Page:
BOE REVIEW: MPC calls for a pause after 14 consecutive hikes

Analysis details (13:52)

Heading into this week, 64/65 surveyed economists by Reuters expected the BoE to hike the Bank Rate by 25bps to 5.5%. However, this overwhelming consensus was derailed by the August CPI report, which saw headline Y/Y CPI fall to 6.7% from 6.8% (vs. exp. 7.0%), core CPI drop to 6.2% from 6.9% (vs. exp. 6.8%) and the all services print decline to 6.8% from 7.4% (vs. MPC exp. 7.2%). As such, markets shifted expectations in a more dovish direction to a near coin-flip at one stage heading into the announcement. In the end, the MPC opted to stand pat with the Bank rate held at 5.25% via a 5-4 vote and the majority consisting of Bailey, Broadbent, Dhingra, Ramsden and Pill. The unchanged camp justified their vote on the basis that "there were signs that the labour market was loosening", whilst those in the hike camp consisted of Cunliffe, Greene, Haskel and Mann amid the judgement "..overall there was evidence of more persistent inflationary pressures". Despite today's decision, the MPC opted to keep some optionality over further moves by reaffirming that "further tightening would be needed if evidence of more persistent inflation pressures is seen". Furthermore, the statement reiterated that "policy will need to be sufficiently restrictive for sufficiently long to return inflation to the 2% target". In terms of the economic outlook, "CPI inflation is expected to fall significantly further in the near term, reflecting lower annual energy inflation". However, services inflation is projected to remain elevated in the near term, with some potential month-to-month volatility. On the growth front, "Bank staff now expect GDP to rise only slightly in 2023 Q3. Underlying growth in the second half of 2023 is also likely to be weaker than expected". Alongside the rate decision, the MPC opted to reduce the stock of gilts by GBP 100bln (exp. ~80bln) in the 12-months starting October. Overall, as noted by ING, there is only "one set of inflation and wage data before November’s meeting, so there’s not a huge amount for the Bank to go on". As such, "If there's enough in the recent data to convince the Bank to pause this month, then we suspect the same will be true in November".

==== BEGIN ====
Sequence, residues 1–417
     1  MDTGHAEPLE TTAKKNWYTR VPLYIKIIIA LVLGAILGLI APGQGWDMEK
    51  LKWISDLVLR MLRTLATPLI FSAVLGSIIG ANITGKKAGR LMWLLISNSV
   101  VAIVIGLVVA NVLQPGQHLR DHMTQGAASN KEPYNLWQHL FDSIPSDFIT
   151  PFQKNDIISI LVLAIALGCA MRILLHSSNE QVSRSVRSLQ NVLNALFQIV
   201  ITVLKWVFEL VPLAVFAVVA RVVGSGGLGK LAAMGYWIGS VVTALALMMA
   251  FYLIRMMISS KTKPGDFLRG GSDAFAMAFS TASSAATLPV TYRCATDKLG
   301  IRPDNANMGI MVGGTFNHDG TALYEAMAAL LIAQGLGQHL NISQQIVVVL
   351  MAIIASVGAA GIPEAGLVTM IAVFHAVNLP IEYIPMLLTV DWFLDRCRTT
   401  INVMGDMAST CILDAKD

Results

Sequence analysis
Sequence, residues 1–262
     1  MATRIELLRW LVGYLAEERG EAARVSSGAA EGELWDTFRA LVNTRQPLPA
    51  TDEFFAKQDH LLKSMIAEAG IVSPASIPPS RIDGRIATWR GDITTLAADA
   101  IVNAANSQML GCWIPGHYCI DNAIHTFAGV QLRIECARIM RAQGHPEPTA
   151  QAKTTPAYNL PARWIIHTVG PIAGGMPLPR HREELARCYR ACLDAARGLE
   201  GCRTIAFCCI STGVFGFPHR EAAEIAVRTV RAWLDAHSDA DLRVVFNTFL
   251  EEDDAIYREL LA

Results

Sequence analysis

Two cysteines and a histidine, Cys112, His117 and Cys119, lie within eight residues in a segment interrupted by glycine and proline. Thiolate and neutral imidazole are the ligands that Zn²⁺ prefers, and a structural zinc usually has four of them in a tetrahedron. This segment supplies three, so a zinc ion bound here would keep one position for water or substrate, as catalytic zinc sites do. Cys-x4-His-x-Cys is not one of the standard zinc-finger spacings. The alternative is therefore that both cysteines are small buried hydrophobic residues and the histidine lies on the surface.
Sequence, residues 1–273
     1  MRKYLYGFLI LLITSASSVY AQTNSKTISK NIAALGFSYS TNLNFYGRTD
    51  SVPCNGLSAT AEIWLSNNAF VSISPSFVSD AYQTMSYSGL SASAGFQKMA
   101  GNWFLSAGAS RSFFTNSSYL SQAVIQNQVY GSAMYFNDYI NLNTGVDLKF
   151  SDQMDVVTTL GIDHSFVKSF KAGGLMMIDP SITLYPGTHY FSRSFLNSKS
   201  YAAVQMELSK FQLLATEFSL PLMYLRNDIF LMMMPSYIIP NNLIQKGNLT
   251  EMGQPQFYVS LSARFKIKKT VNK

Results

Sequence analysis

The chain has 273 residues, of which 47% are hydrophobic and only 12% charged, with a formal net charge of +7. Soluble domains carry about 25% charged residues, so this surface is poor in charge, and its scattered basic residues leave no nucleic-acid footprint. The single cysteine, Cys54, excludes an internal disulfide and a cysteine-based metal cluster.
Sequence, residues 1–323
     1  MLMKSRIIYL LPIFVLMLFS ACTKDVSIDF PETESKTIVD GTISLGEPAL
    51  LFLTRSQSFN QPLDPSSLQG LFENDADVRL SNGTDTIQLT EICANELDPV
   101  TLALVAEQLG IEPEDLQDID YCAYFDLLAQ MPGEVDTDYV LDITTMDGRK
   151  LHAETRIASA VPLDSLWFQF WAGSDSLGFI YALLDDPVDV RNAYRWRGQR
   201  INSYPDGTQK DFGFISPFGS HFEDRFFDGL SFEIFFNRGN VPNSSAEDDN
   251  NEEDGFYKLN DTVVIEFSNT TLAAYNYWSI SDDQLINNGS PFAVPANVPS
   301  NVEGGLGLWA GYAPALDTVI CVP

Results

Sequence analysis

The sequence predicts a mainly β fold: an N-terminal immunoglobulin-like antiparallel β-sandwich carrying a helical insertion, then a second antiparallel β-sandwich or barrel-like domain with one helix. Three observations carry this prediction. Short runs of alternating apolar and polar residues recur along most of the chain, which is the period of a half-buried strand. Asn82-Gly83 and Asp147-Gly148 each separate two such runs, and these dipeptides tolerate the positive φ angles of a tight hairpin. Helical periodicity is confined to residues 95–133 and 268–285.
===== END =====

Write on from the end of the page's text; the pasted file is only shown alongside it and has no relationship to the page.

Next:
21 Sep 2023 - 13:51- Research Sheet- Source: Newsquawk

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